How should you organize all of your information for a divorce trial or court date?
You definitely DON’T want to bring in stacks of paper stuffed in different envelopes or manila folders. Knowing where to find the right document when it’s needed will be key.
We recommend you do it this way: create one folder – whether paper or electronic — for each of the following: orders, pleadings filed with the court, documents/pleadings not filed with the court, correspondence.
Gather Your Evidence Into One Place
The Key Documents To Include
Orders are documents that come from the Court. These include the Court’s minute entries, rulings from a Judge, or anything that’s ever happened in your case that was issued from the Court.
Pleadings are documents that have been filed with the Court. You want all of this. These are documents you and opposing party(ies) have prepared and filed with the Court.
Documents Prepared but Not Filed with the Court – These include Disclosure Statements prepared by you or your spouse, including any supplemental Disclosure Statements. It’s a long running list of all your Disclosures. As time goes on you will get more documents, so just add them. For example, if you send new documents like bank statements, list them all out and on what date you sent them to the other party.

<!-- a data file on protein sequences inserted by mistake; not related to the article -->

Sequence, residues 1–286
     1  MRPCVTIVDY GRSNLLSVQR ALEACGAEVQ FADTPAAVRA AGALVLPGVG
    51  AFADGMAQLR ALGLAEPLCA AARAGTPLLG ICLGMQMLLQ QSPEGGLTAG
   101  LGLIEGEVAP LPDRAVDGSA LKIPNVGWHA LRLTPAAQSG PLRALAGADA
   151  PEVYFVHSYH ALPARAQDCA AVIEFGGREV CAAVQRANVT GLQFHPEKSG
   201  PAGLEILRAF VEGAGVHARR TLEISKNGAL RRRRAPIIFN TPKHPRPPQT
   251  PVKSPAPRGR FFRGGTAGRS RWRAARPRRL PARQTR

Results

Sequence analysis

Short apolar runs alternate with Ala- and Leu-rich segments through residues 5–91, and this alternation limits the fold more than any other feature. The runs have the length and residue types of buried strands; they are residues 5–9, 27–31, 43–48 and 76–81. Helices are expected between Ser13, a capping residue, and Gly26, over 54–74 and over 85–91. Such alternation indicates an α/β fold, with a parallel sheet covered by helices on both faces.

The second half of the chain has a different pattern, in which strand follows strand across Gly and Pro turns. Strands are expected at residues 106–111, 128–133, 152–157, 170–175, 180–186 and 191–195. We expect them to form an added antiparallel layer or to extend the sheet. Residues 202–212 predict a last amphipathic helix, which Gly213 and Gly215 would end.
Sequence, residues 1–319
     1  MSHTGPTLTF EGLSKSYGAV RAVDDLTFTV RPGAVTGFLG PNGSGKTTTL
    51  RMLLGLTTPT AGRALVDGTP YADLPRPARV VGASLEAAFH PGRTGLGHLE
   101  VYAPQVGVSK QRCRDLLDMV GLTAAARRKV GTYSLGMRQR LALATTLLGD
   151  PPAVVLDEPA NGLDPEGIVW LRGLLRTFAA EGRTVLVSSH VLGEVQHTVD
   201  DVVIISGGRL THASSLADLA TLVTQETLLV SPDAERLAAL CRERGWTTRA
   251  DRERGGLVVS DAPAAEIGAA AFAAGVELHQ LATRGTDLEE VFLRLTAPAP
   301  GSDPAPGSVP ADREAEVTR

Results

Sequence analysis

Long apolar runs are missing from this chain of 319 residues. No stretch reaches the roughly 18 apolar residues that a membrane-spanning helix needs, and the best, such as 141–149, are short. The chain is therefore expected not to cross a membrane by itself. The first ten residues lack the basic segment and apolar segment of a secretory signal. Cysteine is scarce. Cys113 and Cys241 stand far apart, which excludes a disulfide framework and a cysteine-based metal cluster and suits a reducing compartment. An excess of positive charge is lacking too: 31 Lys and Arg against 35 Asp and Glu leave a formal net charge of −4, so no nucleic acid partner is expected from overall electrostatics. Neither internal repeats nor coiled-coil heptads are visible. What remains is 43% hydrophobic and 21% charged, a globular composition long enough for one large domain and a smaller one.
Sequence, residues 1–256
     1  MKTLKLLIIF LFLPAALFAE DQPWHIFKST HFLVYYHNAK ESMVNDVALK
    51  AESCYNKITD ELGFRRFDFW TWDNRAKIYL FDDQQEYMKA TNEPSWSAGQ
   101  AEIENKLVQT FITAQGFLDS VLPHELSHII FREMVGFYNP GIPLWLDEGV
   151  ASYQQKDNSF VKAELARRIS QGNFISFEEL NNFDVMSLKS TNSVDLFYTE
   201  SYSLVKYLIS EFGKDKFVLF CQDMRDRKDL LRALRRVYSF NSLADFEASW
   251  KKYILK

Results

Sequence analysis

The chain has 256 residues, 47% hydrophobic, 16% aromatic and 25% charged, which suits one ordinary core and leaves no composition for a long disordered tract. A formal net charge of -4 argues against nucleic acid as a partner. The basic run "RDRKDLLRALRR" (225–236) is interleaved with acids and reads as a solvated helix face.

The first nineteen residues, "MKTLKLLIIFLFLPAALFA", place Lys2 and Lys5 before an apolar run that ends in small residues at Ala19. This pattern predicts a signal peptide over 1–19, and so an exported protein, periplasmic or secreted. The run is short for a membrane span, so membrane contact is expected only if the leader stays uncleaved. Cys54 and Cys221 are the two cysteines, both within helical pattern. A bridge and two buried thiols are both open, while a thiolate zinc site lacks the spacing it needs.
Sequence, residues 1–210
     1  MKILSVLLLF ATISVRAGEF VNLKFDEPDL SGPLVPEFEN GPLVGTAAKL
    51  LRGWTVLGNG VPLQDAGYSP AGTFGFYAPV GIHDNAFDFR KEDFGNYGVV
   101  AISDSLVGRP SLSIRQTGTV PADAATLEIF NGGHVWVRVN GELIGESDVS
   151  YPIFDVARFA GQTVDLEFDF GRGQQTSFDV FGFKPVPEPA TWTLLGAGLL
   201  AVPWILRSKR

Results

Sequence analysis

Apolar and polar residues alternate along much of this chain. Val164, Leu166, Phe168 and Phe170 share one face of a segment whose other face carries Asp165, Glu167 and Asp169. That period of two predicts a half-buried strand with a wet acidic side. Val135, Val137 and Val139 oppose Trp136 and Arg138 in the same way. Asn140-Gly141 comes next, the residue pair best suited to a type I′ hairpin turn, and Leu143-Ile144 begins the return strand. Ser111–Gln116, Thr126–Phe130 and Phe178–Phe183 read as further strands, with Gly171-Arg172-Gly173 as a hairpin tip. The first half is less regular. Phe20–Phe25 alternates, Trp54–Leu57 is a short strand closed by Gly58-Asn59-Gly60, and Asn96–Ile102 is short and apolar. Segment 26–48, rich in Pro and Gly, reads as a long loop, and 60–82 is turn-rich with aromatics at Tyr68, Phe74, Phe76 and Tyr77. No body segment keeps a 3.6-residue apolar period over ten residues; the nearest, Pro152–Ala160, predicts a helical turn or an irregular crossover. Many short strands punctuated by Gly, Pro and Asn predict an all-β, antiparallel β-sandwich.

Perhaps you have emails that you want to use, add them and list them to your Disclosure Statement. Use standard wording for each additional list — Second Disclosure Statement, Third Disclosure Statement and so on. It’s necessary you have a running log of everything you’ve disclosed and the date it was disclosed.
Correspondence is communications with the other side. It includes emails back and forth that were written that are relevant. For example, if she wrote that she refused to come meet you at the designated drop-off spot because she was too drunk to drive, you’d want to include that. Don’t print out or save every single communication that you have with your ex; think carefully about what could be relevant.
Supplies You May Need
- Printer with scanner
- File Folders
- Two-hole punch
- Paper clips
- Label maker
Keep in mind: Many courthouses have DYI rooms available with all of the above supplies for little or no cost. Libraries are also a resource.